The American Dream is older than America. Even the first settlers from Europe had an American dream - to be free of the oppression they were experiencing at home. But the phrase only became widely used in the 1930s. Then it quickly became a phrase that refused to sit still and be pinned down. Everyone has a different definition of the Dream.
Historian Lawrence Samuel surveys the use of the phrase from the Great Depression to the 21st century and finds it "(m)utable and amorphous, . . the Zelig of mythologies, able to transform itself to fit virtually any situation or cause." It's whatever we want it to be, but like any dream, not quite real.
Samuel examines an entertaining variety of uses of the phrase, but the one that gets to the heart of the American Dream has to be that of Horatio Alger. Alger's stories for boys were wildly popular in the late 19th century and the early 20th century, stories of poor boys who became wealthy through hard work and ingenuity. He wrote over a hundred books and, Samuel says, made a fortune, squandered it, and died penniless. But his fictions trumped the reality of his life, and Samuel finds it "ironic that [Alger's] name would be forever equated with the American Dream of success."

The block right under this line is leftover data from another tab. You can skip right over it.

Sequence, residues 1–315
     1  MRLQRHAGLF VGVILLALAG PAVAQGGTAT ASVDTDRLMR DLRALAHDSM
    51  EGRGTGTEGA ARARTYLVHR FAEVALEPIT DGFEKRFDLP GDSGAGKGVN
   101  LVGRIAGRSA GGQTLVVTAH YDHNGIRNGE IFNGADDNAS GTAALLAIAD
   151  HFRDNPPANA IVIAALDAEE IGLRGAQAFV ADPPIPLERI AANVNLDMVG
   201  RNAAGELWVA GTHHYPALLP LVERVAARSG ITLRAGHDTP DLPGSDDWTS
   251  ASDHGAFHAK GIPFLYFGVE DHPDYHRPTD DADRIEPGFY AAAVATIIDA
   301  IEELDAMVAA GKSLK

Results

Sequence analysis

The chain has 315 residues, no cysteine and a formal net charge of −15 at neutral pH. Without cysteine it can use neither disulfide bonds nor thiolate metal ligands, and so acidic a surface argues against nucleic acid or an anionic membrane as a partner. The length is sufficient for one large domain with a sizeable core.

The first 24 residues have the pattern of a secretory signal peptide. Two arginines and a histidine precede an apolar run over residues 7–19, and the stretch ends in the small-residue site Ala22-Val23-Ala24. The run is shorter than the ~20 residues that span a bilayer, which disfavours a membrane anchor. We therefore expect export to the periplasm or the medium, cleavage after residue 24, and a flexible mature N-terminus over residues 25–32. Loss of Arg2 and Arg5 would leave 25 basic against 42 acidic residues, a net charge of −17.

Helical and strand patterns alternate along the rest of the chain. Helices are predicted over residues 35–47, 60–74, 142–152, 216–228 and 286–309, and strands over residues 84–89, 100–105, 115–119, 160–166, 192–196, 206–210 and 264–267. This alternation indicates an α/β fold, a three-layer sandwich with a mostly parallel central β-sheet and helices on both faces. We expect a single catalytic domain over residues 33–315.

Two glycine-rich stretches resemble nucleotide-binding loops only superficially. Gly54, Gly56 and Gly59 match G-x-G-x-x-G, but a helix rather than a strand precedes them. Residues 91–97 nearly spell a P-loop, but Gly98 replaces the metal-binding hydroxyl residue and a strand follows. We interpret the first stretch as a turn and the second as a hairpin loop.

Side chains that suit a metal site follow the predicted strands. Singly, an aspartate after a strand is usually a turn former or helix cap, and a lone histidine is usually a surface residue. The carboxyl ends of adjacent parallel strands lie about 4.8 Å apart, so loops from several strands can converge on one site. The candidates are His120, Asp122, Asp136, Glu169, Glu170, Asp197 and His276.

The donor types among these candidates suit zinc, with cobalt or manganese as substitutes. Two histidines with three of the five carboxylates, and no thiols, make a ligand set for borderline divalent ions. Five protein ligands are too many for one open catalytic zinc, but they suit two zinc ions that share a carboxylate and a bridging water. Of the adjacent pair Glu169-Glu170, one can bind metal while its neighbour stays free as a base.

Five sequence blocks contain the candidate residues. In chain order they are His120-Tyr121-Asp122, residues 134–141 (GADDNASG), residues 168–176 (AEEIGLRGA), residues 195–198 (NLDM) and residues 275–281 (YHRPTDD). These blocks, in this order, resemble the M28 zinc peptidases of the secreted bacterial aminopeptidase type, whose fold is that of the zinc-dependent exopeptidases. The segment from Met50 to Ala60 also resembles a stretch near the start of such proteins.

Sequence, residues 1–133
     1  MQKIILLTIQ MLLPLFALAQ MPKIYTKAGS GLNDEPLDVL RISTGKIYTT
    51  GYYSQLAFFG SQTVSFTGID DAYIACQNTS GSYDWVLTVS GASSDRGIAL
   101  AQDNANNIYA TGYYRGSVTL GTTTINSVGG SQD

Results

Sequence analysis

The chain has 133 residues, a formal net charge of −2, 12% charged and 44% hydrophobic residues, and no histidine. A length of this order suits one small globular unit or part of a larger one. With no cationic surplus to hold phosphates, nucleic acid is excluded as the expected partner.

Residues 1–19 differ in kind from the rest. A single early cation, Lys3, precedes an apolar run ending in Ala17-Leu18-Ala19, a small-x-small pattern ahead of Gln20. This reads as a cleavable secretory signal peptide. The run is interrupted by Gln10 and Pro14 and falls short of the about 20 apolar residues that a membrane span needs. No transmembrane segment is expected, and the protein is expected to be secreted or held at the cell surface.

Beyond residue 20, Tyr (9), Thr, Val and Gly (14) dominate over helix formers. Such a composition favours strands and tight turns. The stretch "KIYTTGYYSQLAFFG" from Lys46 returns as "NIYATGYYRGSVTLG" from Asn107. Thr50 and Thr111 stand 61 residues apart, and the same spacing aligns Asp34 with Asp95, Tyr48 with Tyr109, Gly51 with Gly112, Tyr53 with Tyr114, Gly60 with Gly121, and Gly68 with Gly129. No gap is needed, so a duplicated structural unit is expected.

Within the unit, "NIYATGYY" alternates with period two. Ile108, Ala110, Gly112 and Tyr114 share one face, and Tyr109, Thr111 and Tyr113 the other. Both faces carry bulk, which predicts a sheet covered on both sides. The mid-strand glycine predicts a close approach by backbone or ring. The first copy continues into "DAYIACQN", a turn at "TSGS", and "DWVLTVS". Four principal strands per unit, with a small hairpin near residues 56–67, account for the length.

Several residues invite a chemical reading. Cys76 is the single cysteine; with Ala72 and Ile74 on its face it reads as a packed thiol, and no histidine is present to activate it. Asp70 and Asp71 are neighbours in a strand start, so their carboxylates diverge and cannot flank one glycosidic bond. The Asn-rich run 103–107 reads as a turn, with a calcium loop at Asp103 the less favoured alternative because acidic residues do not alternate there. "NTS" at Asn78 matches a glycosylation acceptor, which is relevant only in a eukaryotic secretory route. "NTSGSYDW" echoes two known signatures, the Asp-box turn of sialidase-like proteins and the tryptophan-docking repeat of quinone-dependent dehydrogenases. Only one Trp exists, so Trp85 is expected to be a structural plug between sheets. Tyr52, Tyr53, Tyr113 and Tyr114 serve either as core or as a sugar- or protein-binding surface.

Samuel follows the phrase decade by decade, in movies, TV, advertising, and politics, and finds that every generation experiences a national setback that makes it question the Dream. New immigrants come with their own interpretations of the Dream. And through it all, the politicians and advertisers twist the Dream to suit their own purposes.
Whether we understand the American Dream to be financial security for working hard and playing by the rules, or perhaps spectacular fame and fortune via lottery or reality show, it's a dream apparently almost impossible to attain. Almost without fail, when Americans of any income level are asked how much income they think will make them feel satisfied and secure, it's always about half again what they earn. Non-monetary interpretations of the Dream are just as elusive - an America without poverty or racism or crime. The American Dream is a slippery devil.